Urán assumes GC targets in Vuelta alongside Sky leader Henao

Rigoberto Urán says that he will not be taking part in the Vuelta a España in a pure support role for Sergio Henao - named by Team Sky as their leader for the race – but will be prepared to strike a blow for his own general classification options, too.

Urán took a breakthrough result in the 2013 Giro d'Italia, securing Colombia's first ever podium finish in the Italian Grand Tour and his best-ever GC result, as well as a mountain-top stage win. Together with Nibali and Joaquim Rodriguez, he is the third rider already with a top three Grand Tour podium finish in 2013 present in La Vuelta 2013.

In Sky's press release for the Vuelta, Urán's mission goals are described as "riding in support of Henao this time around, but [he] is more than capable of challenging for top honours again, should the need arise."

Second only to Vincenzo Nibali in the Giro, Urán certainly doesn't seem prepared to see those potential opportunities pass him by, telling Cyclingnews, "I had a good rest after the Giro and now I'm here, in good shape. I'm no fan of doing the Tour and Vuelta, but this Giro-Vuelta double" - which he already did in 2012, when he finished as Best Young Rider in Italy then worked for Froome in the Vuelta - "is a combination I like."

"We've got Sergio Henao as race leader, but I think it's better to have two riders for the general classification, that way we've got more options when it comes to attacking and so on.

"The second stage [with the mountain top finish of Monte da Groba] will show clearly who the riders are who are in contention."

"I respect him and I will help and support him. But I'll be there, close to him, and it's one thing to talk here about what you will do in a race and another what happens when you're really there. So we'll see what happens." Asked if Henao could win the race, Urán believes it's possible: "He's got the talent, and strength, to do so and he's come here rested. I think he can."

Urán, due to move onto Omega Pharma-Quick Step next year, says his last Grand Tour with the British team "will be similar [at Sky] to the Giro, except this time we've got Sergio as leader" - rather than Wiggins.

While Vasil Kiryienka and Edvald Boasson Hagen both rode the Tour - though neither man made it to Paris - and are now also present in the Vuelta for Sky, two thirds of the team raced the Giro: Urán, Henao, Dario Cataldo - a stage winner in last year's Vuelta - the Giro's early race leader Salvatore Puccio, Xabier Zandio of Spain and Germany's Christian Knees. Briton Luke Rowe, riding his first Grand Tour, completes the nine-man squad.

After the Giro, Urán went to Colombia, saw his family and trained and rested at altitude, then on his return to Europe raced in the Tour of Poland - "which was very hard" - and finally checked out some of the Pyrenean stages of the Vuelta.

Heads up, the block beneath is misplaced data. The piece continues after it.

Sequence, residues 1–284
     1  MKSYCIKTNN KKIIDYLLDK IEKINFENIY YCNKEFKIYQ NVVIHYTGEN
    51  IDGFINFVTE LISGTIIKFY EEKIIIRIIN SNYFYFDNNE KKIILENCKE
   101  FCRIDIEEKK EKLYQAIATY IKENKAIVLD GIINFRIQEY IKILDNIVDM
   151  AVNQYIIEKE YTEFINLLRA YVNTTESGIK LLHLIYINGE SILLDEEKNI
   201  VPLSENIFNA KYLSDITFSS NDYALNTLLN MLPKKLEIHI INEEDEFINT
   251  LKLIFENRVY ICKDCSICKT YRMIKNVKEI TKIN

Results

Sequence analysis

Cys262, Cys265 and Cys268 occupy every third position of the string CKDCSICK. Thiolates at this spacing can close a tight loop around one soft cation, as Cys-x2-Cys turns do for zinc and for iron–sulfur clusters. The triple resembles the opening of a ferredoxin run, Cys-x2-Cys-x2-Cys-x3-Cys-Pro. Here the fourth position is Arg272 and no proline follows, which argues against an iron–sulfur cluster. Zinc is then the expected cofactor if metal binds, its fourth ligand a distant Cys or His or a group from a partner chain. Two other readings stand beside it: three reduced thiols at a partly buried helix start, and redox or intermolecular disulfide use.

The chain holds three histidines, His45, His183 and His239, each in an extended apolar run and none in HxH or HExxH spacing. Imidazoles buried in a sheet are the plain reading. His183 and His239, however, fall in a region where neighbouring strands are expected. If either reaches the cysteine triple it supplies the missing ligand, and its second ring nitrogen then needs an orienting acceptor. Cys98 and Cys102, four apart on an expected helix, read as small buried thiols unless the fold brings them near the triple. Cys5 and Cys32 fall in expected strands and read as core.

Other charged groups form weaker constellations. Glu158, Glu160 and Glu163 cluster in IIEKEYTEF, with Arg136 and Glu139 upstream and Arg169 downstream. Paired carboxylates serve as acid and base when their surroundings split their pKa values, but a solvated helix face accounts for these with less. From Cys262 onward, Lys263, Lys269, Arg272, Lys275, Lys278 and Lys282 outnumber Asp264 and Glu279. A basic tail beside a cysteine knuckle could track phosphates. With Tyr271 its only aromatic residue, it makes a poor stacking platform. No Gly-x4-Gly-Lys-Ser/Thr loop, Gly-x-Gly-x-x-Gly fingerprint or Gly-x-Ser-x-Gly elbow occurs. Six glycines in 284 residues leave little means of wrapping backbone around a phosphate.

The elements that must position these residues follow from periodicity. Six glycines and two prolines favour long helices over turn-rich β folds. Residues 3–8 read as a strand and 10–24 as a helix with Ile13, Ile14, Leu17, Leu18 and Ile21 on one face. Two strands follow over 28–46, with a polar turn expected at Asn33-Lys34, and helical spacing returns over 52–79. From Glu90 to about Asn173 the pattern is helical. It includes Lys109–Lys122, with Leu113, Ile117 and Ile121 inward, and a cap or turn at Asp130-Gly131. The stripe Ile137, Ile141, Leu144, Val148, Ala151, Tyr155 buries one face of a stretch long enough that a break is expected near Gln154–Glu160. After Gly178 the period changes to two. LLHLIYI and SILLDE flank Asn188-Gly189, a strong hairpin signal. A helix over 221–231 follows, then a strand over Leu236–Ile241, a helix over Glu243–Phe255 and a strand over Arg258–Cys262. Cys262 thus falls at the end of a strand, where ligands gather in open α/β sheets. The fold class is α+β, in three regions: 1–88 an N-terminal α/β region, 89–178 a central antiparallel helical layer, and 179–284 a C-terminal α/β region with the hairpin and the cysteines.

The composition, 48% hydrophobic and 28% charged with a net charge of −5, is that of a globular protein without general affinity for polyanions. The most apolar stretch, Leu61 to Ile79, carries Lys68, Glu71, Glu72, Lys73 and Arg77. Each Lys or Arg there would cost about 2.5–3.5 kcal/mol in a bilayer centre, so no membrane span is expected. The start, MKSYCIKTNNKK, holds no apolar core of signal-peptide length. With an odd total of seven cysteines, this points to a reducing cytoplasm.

"I wanted to get a bit of a rest because I've been training and racing hard and I have been all over the place this year, so I didn't do the Vuelta a Burgos.

"It's also a very hard Vuelta, I've checked out quite a lot of it so I know, and particularly when you add in the 2,300 kilometres of transfers we've got to the racing itself, that's a whole lot of time spent travelling." He brushes off the idea of "easy stages" saying "those are often the most dangerous ones, where you risk losing a lot of time."

For the team time trial - which Sky won at the Giro - Urán rates their chances, but not highly. "We've got good time triallists, but we're lacking Wiggins, who's really strong for that sort of event. We've seen the route and it's not overly technical and in the last part [is so fast] you're going to get fed up with pedalling. I think if we get a top three result and don't lose time, we'll be pleased."

Urán's options in the Vuelta may be limited by Henao, but he is confident that he will have a better chance of going for the big stage races in Omega Pharma-Quick Step. "We were close to an agreement with Sky and it didn't happen, but while they've already got loads of GC riders at Sky, I'll be filling a bit of a gap there at Omega." In the Vuelta, though, Urán could help the British team take their third Grand Tour podium finish of 2013 before he heads to Belgium in 2014.

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Alasdair Fotheringham

Alasdair Fotheringham has been reporting on cycling since 1991. He has covered every Tour de France since 1992 bar one, as well as numerous other bike races of all shapes and sizes, ranging from the Olympic Games in 2008 to the now sadly defunct Subida a Urkiola hill climb in Spain. As well as working for Cyclingnews, he has also written for The IndependentThe GuardianProCycling, The Express and Reuters.